Tom Neil

Wing Commander Tom Neil

Header image: Left: Tom Neil at North Weald during the Battle of Britain in 1940, aged 20. Right: Tom Neil at the Battle of Britain Monument on the Victoria Embankment, London.

The BBMF was very saddened to hear of the death of Battle of Britain fighter ace Wing Commander Tom Neil DFC and Bar AFC AE LdH, who passed away on 11th July, three days before his 98th birthday.

Tom had been a friend of the BBMF for many years, he wrote the ‘Veteran’s Viewpoint’ for the Official Club 2015 Yearbook (the 75th anniversary of the Battle of Britain issue), and he had attended various events with the Flight, including last year’s BBMF 60th anniversary celebrations.

Tom Neil with Hurricane LF363
Tom Neil with Hurricane LF363 wearing his code letters ‘GN-F’ in 2017. (Photo: Johnny Cracknell)

As many readers will know, BBMF Hurricane LF363 has carried the code letters of Tom Neil’s 249 Squadron Battle of Britain Hurricane – ‘GN-F’ – on its port side since 2017. Tom actually flew LF363 many years ago before it became a founding aircraft of the BBMF, and he retained a close personal interest in the aircraft, as he explained: “After the war I flew Hurricane LF363 many times, whilst it was with the Fighter Command Communications Flight at Bovingdon in 1951. It is wonderful to know that LF363 is still flying in the careful hands of the RAF Battle of Britain Memorial Flight all these years on, a rare airworthy survivor of the type that played such an important part in the Battle of 1940.”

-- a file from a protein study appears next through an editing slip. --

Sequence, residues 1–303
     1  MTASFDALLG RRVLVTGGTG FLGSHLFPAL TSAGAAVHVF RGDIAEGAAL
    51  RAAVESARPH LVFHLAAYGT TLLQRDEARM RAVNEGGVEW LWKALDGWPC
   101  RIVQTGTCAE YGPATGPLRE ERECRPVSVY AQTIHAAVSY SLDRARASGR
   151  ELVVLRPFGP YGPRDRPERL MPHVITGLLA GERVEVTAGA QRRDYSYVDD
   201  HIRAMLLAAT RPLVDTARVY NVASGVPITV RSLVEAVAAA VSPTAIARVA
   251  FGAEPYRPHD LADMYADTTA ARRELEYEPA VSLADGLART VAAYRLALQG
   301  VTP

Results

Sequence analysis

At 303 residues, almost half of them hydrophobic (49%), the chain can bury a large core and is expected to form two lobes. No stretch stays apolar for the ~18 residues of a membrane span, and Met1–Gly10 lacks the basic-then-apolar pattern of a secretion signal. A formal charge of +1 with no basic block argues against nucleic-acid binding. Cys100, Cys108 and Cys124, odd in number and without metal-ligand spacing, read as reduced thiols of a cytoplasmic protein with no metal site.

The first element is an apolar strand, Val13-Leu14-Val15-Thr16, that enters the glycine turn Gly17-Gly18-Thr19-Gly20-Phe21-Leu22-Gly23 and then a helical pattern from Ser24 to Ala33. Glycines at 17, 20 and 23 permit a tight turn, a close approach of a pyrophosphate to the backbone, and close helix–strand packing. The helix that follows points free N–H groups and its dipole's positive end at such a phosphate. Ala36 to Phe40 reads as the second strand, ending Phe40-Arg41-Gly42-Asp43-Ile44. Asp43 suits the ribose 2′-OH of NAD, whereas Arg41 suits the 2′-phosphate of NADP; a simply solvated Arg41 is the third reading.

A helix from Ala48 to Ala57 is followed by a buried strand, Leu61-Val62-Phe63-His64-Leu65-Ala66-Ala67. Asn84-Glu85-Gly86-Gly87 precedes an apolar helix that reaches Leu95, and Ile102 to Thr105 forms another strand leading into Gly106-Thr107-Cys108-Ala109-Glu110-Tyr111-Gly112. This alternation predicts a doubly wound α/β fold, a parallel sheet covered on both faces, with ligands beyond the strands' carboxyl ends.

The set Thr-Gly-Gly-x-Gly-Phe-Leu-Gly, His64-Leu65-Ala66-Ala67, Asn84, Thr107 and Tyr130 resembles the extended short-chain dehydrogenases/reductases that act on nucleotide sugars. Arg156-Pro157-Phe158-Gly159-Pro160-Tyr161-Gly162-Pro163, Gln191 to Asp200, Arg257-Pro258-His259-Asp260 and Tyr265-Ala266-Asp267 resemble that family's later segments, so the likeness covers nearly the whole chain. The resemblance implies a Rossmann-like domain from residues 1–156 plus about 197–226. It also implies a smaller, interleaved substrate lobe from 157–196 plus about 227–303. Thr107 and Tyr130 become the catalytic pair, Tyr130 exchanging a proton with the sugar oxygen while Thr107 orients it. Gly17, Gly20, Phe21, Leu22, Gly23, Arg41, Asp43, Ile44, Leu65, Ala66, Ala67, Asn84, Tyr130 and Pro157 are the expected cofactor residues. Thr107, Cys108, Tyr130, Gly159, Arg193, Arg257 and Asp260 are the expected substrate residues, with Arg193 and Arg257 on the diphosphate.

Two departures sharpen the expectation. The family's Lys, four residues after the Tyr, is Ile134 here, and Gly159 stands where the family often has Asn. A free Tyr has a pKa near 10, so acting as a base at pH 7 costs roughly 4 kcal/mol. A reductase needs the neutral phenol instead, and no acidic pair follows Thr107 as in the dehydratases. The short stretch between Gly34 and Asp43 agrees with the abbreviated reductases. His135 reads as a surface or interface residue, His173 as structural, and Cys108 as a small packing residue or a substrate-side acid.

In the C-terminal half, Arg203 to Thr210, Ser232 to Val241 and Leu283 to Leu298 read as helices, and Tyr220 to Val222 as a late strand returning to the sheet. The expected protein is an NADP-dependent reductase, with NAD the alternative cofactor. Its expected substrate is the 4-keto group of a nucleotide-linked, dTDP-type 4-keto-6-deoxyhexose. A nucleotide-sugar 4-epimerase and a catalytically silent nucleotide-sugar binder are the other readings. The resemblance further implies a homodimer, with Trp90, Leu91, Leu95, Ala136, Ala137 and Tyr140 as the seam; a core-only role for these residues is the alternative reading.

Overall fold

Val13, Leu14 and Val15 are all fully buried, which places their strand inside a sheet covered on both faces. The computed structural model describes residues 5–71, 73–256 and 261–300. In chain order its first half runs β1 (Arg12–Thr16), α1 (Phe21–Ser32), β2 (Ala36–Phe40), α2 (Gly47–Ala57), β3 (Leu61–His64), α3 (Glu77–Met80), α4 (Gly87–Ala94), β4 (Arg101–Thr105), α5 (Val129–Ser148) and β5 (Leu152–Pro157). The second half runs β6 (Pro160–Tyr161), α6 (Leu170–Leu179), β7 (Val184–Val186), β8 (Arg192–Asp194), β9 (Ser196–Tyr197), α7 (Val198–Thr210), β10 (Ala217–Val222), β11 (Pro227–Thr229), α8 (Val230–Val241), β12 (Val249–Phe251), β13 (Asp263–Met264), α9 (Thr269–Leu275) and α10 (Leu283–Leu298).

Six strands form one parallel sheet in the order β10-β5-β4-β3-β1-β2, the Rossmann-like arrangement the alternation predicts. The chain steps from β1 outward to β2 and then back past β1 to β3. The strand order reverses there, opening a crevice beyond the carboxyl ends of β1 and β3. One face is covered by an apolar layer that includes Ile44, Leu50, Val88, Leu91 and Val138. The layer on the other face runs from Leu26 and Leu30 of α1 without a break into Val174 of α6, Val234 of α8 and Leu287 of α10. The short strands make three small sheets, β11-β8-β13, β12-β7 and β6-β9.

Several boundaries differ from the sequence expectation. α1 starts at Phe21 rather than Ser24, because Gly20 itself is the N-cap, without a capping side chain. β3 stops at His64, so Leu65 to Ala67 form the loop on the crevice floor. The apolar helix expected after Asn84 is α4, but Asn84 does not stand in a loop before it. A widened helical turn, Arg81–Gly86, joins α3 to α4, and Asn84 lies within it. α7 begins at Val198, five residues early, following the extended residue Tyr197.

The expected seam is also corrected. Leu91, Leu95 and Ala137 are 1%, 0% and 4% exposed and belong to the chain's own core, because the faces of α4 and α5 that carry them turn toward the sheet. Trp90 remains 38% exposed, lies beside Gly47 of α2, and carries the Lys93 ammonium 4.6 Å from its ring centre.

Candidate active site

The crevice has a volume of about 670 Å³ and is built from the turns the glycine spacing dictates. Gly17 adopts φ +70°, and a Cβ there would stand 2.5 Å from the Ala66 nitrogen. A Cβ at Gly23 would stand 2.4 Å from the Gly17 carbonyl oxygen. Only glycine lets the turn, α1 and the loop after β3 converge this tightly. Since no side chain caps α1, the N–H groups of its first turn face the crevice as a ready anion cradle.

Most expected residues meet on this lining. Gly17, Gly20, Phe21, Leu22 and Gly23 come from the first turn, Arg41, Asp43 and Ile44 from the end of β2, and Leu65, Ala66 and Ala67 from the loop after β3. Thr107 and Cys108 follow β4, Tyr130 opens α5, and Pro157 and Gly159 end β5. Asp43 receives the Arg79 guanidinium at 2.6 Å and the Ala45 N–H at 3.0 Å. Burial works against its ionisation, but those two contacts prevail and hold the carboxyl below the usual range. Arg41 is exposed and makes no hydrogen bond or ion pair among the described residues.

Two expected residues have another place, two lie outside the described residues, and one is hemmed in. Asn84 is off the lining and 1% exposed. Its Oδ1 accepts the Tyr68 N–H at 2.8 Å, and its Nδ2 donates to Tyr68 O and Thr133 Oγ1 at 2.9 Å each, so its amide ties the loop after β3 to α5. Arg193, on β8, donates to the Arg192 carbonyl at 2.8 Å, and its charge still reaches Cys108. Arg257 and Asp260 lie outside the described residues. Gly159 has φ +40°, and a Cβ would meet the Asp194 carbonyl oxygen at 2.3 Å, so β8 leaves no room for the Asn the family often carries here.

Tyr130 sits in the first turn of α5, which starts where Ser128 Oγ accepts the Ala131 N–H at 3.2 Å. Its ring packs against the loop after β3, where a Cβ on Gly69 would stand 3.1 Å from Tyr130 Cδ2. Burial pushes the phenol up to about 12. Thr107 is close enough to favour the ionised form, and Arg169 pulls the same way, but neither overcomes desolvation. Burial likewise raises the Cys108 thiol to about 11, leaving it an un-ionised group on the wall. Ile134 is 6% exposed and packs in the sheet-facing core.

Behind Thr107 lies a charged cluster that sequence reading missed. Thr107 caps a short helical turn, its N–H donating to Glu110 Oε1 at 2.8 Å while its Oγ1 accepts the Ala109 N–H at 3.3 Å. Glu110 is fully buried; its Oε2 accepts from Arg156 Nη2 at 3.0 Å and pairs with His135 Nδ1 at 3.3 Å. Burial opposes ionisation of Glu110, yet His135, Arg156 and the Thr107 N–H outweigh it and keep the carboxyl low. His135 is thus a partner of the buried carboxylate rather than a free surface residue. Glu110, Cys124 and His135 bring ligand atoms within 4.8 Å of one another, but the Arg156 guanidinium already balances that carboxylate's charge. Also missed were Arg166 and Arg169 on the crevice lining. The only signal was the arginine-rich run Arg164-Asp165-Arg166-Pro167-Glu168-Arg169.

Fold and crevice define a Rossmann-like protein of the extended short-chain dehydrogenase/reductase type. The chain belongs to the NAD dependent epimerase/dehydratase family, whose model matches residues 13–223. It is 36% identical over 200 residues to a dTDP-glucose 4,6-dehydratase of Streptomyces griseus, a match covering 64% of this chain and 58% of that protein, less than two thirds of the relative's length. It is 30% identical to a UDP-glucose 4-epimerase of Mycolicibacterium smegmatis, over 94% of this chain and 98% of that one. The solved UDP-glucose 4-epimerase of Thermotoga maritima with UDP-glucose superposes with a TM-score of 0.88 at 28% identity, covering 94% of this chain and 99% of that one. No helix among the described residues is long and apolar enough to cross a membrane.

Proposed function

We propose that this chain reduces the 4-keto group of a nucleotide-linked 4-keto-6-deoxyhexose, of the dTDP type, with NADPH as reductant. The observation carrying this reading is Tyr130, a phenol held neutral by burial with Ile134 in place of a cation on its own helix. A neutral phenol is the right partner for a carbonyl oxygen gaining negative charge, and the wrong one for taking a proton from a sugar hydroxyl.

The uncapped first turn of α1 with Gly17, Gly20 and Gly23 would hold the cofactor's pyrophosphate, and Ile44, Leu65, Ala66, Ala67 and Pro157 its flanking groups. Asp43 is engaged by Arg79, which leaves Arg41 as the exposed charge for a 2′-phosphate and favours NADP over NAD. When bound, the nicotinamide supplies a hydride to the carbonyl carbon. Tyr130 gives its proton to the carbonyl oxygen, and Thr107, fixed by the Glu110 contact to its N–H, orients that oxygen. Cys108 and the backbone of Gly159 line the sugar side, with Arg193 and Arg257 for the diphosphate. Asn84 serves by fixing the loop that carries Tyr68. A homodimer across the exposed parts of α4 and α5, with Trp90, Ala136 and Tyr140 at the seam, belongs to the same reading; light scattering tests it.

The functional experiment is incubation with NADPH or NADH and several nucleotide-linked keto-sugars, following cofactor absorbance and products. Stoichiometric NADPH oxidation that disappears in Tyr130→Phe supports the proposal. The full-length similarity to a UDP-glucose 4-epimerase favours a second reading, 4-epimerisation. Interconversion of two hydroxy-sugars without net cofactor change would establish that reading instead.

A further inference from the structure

Hurricane LF363 in 1951
A remarkable photo of Hurricane LF363 in 1951 with Tom Neil at the controls. (Via Johnny Cracknell)

During the Battle of Britain Tom flew 141 combat missions in Hurricanes, often scrambling four or five times a day when the weather was good, and survived numerous contacts with the enemy. His aircraft was hit by enemy fire on several occasions and on 6th October 1940 he had to take to his parachute over southern England after a mid-air collision with another Hurricane. Tom claimed 13 German aircraft destroyed during the Battle, and subsequently shot down an Italian Macchi C.200 fighter whilst flying from Malta in 1941. He was awarded the Distinguished Flying Cross (DFC) in October 1940 and a Bar to it in November that year.

Tom Neil’s 249 Sqn ‘GN-F’ code letters
Hurricane LF363 with Tom Neil’s 249 Sqn ‘GN-F’ code letters on its port side. (Photo: Richard Paver)

In 1945 Tom married his long-term girlfriend Eileen, who had been a WAAF ‘plotter’ at Kenley during the Battle of Britain and served with the WAAF throughout the war, reaching the rank of Pilot Officer. The couple had met in 1942 and promised each other that they would marry as soon as the war was over. The couple were married for 69 years, but Eileen died in 2014 leaving Tom without his “rock”. Tom remained in the RAF after the war and commanded 208 Squadron, stationed in Egypt, flying Gloster Meteor jets; he was awarded the Air Force Cross in 1956. He left the RAF as a Wing Commander in 1964 and subsequently worked in the shoe industry. After reaching retirement age Tom became a prolific author with several highly acclaimed books to his name including the brilliant ‘Gun Button to Fire’, a brutally honest and compelling account of his Battle of Britain experiences.

Tom Neil's wedding in 1945
Left: Tom in the cockpit of his 249 Sqn Hurricane, V7313 ‘GN-F’, in 1940. Right: Tom and Eileen at their wedding in 1945.

A new biography of Tom Neil written by Peter Jacobs, titled ‘Flying, Fighting and Reflection’, the first full account of Tom’s life, is due to be published by Pen and Sword at the end of September and is now available for pre-order.

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